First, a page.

AMPS can often cause problems for parents, caregivers, and other family members. This is why a doctor will sometimes suggest the family undergoes family counseling.
A parent or caregiver should contact a doctor if their child has difficulties from chronic pain that affects their daily life. Early diagnosis may be key to help find the cause of this pain, which may require specific treatment.
It is also important that a child with AMPS receives treatment as those with chronic pain from AMPS can experience mental health symptoms
- suicidal ideation
If you know someone at immediate risk of self-harm, suicide, or hurting another person:
- Ask the tough question: “Are you considering suicide?”
- Listen to the person without judgment.
- Call 911 or the local emergency number, or text TALK to 741741 to communicate with a trained crisis counselor.
- Stay with the person until professional help arrives.
- Try to remove any weapons, medications, or other potentially harmful objects.
If you or someone you know is having thoughts of suicide, a prevention hotline can help. The 988 Suicide and Crisis Lifeline is available 24 hours a day at 988. During a crisis, people who are hard of hearing can use their preferred relay service or dial 711 then 988.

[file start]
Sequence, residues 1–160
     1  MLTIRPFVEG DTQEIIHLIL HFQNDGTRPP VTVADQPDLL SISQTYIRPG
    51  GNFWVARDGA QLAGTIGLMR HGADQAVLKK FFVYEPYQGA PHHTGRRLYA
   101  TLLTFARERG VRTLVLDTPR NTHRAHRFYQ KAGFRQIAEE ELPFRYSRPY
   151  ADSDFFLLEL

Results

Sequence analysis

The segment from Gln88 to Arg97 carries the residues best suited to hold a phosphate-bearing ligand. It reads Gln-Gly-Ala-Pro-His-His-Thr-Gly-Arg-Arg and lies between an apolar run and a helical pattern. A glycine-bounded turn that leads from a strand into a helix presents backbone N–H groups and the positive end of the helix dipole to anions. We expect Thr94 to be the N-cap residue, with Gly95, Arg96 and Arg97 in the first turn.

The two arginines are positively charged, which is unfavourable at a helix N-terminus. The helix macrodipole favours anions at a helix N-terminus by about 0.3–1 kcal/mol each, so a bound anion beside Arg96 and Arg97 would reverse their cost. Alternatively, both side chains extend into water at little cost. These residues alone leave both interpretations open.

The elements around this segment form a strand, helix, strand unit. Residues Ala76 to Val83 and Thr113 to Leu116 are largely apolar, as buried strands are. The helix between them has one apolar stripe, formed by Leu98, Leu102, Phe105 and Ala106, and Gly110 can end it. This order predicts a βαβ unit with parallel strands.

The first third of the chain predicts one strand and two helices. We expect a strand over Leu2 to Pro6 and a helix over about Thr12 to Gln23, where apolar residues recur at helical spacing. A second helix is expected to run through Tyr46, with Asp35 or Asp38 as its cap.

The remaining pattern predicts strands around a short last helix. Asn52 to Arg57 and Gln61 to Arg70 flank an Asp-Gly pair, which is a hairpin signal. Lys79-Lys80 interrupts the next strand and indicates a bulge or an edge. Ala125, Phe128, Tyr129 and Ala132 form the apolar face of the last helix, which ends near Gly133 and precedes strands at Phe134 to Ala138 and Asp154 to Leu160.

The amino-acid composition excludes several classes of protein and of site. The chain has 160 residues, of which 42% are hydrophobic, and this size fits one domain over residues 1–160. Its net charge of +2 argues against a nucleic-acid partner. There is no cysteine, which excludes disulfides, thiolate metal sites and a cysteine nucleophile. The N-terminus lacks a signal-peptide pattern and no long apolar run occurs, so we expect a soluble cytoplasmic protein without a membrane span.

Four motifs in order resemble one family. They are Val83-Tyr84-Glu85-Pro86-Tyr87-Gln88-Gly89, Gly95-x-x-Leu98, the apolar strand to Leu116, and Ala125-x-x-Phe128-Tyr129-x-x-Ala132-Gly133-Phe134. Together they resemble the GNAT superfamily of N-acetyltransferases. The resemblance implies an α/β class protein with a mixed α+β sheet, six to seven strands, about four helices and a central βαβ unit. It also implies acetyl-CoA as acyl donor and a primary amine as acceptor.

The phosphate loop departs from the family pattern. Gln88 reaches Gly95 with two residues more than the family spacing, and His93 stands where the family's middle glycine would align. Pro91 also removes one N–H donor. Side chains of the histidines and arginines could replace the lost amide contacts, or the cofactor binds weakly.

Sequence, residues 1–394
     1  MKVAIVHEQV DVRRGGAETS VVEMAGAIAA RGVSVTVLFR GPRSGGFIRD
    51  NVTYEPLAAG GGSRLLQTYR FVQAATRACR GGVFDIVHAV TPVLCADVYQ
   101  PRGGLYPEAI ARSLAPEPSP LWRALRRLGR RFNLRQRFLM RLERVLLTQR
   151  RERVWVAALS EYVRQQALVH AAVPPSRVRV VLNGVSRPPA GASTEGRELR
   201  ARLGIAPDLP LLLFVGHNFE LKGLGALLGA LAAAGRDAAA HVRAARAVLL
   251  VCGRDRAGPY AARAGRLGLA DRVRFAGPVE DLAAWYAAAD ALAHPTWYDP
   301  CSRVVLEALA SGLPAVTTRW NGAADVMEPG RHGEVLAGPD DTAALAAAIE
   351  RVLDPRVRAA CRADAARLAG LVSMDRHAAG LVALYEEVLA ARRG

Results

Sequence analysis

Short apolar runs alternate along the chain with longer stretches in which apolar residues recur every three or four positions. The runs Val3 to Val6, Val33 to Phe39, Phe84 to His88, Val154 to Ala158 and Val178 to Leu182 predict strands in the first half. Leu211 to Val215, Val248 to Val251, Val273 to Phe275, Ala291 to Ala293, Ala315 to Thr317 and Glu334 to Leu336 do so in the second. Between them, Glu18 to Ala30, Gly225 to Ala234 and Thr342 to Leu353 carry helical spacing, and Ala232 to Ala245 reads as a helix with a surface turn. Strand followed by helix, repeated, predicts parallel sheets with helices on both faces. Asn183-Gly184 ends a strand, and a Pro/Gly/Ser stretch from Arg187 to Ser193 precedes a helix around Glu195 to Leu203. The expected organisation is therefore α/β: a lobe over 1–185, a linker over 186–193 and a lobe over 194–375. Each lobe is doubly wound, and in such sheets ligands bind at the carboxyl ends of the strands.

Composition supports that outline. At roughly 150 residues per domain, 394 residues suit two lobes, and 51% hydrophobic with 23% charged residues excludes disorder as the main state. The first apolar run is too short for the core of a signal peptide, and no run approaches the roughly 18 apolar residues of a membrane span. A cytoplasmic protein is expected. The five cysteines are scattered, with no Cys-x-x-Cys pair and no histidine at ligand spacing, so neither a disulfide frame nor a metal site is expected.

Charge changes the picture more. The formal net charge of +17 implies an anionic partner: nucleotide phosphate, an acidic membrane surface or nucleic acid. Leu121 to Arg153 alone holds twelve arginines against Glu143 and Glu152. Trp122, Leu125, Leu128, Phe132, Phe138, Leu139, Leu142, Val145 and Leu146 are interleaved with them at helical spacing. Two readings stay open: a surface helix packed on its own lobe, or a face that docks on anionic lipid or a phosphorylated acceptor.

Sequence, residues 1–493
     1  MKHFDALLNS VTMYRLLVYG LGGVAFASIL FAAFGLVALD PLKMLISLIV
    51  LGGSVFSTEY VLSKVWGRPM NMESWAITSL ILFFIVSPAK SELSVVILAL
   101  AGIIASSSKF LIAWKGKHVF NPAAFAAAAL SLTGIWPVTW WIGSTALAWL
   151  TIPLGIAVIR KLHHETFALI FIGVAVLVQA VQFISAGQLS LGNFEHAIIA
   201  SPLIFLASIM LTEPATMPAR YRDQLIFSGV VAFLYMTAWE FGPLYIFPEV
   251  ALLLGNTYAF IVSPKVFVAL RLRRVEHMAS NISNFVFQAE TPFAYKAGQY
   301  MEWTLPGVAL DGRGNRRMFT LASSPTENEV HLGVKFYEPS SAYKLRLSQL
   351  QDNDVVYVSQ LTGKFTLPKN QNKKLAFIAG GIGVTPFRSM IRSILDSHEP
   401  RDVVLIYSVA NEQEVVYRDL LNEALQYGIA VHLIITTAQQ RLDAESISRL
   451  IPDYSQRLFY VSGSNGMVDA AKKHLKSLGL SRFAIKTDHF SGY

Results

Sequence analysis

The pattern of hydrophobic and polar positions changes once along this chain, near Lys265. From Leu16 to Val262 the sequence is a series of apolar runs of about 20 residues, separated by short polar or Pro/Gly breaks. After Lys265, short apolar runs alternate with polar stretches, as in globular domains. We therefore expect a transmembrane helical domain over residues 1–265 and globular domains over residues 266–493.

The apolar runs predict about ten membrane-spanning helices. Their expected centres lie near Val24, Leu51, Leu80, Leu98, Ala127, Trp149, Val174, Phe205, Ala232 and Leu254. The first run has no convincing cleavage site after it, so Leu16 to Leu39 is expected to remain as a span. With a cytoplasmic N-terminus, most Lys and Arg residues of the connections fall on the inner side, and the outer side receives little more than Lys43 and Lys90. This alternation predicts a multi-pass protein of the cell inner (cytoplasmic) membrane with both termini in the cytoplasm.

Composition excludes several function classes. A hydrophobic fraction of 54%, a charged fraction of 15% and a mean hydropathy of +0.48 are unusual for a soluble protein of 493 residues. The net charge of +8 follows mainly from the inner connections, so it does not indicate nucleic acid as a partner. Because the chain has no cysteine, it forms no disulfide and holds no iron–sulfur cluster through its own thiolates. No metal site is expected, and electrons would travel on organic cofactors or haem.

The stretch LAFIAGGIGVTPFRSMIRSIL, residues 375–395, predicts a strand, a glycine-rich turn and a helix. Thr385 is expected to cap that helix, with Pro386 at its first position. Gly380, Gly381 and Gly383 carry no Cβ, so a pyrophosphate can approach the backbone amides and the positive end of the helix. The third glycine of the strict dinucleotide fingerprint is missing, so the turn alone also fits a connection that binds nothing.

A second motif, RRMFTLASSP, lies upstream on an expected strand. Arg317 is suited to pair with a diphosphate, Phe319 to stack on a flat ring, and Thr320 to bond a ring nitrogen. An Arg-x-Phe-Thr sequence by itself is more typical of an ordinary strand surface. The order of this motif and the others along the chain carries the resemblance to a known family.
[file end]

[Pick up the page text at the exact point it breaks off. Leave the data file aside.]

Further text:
Amplified musculoskeletal pain syndrome is an umbrella term for noninflammatory musculoskeletal pain that commonly affects children and adolescents. If a child has AMPS, they can experience musculoskeletal pain anywhere in their body. Some people experience AMPS pain that comes and goes, while others experience chronic pain.
Other symptoms of AMPS include headaches, abdominal pain, dizziness, arthralgias, and tachycardia. It may also cause a child to experience mental health symptoms such as stress, anxiety, depression, and suicidal ideation.
A doctor will attempt to diagnose the cause of the pain and treat it. If they cannot identify the cause, treatment will aim to help return the child to their everyday functioning. Possible treatments for AMPS include physical therapy, CBT, occupational therapy, and family therapy. A doctor may also suggest the child undertakes regular physical exercise, which can be a suitable treatment for stress.